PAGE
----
- Michele Curatolo, Sean D Rundell, Laura S Gold, P Suri, Janna L Friedly, Sdrj S Nedeljkovic, Richard A Deyo, Judith A Turner, Brian W Bresnahan, Andrew L Avins, Larry Kessler, Patrick J Heagerty, and Jeffrey G Jarvik.
- Department of Anesthesiology and Pain Medicine, University of Washington, Seattle, WA, USA.
- Eur J Pain. 2022 May 23.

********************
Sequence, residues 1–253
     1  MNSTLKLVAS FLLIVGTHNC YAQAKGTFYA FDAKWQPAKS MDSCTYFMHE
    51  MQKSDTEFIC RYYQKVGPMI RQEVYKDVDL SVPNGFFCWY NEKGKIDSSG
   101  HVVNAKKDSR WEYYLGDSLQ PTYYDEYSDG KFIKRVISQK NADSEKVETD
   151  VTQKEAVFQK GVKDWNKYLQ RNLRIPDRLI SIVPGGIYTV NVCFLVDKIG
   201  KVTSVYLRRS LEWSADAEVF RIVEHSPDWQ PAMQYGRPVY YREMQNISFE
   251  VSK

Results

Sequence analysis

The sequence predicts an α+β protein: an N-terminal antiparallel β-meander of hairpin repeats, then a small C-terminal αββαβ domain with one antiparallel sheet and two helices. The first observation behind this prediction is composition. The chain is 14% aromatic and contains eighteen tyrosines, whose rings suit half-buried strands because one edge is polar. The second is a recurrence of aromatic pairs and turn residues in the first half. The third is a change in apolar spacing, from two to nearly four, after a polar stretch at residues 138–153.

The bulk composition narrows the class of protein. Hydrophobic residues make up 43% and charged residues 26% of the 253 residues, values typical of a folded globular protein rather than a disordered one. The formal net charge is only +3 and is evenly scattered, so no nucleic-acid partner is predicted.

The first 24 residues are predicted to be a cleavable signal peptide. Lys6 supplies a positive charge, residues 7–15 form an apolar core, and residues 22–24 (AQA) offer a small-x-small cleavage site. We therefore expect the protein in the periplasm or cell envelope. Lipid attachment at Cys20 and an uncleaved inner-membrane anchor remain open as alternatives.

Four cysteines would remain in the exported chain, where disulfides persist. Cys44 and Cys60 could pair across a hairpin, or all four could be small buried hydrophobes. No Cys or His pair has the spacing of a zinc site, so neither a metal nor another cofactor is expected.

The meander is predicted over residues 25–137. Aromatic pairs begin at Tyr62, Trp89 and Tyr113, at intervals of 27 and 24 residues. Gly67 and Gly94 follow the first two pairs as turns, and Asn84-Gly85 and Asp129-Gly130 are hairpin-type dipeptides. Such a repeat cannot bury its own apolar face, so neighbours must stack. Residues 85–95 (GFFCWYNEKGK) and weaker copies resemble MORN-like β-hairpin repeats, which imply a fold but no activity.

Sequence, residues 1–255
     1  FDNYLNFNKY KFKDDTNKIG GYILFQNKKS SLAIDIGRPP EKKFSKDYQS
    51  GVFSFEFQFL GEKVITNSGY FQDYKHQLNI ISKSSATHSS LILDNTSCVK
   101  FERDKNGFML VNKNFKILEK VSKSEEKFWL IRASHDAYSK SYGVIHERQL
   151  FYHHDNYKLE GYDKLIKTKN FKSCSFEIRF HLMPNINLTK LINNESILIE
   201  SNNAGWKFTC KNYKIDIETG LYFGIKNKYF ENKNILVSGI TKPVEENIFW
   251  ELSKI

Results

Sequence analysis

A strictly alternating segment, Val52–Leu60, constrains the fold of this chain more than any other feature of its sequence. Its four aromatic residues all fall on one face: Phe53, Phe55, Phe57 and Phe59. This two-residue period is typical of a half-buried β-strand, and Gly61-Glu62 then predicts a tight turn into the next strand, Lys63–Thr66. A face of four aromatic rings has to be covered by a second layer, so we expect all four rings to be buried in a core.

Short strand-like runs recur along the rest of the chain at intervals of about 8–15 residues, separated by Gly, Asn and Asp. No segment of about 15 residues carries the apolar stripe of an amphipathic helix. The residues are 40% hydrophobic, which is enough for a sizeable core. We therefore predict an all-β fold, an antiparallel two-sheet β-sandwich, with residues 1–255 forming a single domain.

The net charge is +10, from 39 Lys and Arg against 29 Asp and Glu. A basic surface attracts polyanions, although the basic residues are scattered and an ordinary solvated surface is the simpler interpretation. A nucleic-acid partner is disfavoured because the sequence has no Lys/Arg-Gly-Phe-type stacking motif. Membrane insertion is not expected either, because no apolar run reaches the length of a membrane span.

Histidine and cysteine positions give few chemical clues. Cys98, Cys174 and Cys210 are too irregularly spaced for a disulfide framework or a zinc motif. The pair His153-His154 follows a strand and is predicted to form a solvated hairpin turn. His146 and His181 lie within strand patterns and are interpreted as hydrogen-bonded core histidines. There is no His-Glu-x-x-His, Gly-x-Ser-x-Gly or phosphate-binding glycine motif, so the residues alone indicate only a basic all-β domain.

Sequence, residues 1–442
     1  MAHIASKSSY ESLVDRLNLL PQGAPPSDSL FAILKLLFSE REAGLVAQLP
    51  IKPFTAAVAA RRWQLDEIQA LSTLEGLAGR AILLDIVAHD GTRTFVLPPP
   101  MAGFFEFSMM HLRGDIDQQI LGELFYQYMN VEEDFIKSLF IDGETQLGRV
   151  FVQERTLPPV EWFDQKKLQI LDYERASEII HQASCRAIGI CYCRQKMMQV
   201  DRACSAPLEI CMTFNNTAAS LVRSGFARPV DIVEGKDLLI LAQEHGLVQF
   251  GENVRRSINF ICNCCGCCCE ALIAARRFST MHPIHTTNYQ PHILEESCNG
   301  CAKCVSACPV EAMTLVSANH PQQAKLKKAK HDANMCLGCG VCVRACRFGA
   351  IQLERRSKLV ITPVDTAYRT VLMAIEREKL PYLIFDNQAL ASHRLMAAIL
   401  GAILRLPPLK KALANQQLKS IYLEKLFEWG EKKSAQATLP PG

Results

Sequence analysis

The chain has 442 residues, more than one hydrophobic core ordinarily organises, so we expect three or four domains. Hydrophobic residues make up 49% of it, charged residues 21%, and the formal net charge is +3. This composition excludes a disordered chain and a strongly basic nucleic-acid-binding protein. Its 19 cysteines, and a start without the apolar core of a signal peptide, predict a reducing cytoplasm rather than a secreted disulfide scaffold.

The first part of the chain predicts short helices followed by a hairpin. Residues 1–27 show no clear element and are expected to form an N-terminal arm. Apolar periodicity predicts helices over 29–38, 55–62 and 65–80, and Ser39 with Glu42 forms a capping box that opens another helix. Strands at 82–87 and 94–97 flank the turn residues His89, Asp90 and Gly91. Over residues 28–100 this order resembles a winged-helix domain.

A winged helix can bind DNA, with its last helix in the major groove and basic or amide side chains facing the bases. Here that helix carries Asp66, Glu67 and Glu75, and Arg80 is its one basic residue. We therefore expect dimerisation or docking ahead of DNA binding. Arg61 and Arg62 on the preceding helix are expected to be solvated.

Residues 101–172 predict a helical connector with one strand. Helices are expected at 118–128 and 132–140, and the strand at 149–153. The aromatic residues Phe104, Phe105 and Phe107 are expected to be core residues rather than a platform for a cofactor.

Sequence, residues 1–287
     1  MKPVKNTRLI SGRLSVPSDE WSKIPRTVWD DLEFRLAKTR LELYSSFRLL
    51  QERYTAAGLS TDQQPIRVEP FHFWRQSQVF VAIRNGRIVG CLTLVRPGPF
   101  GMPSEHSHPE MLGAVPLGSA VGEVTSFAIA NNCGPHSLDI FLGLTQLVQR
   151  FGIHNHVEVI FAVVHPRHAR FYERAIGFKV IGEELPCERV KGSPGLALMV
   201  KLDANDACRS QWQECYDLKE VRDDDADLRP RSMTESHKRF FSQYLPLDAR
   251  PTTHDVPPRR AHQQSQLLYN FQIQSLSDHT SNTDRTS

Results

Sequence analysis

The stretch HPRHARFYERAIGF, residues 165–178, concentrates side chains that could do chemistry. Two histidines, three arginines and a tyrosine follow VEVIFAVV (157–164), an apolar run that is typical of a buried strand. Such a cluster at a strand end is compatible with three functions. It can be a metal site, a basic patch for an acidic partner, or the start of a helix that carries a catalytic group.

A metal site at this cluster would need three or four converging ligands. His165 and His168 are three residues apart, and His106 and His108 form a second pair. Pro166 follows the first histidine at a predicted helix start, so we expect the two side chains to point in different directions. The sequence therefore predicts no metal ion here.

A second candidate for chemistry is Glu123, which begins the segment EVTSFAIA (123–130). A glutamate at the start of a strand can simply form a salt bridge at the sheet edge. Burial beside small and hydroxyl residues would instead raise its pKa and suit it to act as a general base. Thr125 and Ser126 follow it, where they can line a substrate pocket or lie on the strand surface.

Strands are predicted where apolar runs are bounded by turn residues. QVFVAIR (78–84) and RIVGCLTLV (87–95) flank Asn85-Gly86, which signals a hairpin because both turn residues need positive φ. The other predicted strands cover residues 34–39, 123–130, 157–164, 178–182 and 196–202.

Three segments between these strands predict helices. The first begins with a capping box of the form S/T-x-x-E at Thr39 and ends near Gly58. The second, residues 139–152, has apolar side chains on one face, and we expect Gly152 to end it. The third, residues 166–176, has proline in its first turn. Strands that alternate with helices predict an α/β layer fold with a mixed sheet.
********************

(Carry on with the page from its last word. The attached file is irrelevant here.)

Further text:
BackgroundThere is limited research on the long-term effectiveness of epidural steroid injections (ESI) in older adults despite the high prevalence of back and leg pain in this age group. We tested the hypotheses that older adults undergoing ESI, compared to patients not receiving ESI: (1) have worse pain, disability and quality of life ('outcomes') pre-ESI, (2) have improved outcomes after ESI and (3) have improved outcomes due to a specific ESI effect.MethodsWe prospectively studied patients ≥65 years old presenting to primary care with new episodes of back pain in three US healthcare systems (BOLD registry). Outcomes were leg and back pain intensity, disability and quality of life, assessed at baseline and 3-, 6-, 12- and 24-month follow-ups. We categorized participants as: (1) ESI within 6 months from the index visit (n = 295); (2) no ESI within 6 months (n = 4809); (3) no ESI within 6 months, propensity-score matched to group 1 (n = 483). We analysed the data using linear regression and Generalized Estimating Equations.ResultsPain intensity, disability and quality of life at baseline were significantly worse at baseline in ESI patients (group 1) than in group 2. The improvement from baseline to 24 months in all outcomes was statistically significant for group 1. However, no statistically significant differences were observed between outcome trajectories for the propensity-score matched groups 1 and 3.ConclusionsOlder adults treated with ESI have long-term improvement. However, the improvement is unlikely the result of a specific ESI effect.SignificanceIn this large, two-year, prospective study in older adults with a new episode of low back pain, back pain, leg pain, disability and quality of life improved after epidural steroid injections; however, propensity-score matching revealed that the improvement was unlikely the result of a specific effect of the injections, indicating that epidural steroids are unlikely to provide long-term benefits in older adults with new episodes of back and leg pain.© 2022 European Pain Federation - EFIC®.
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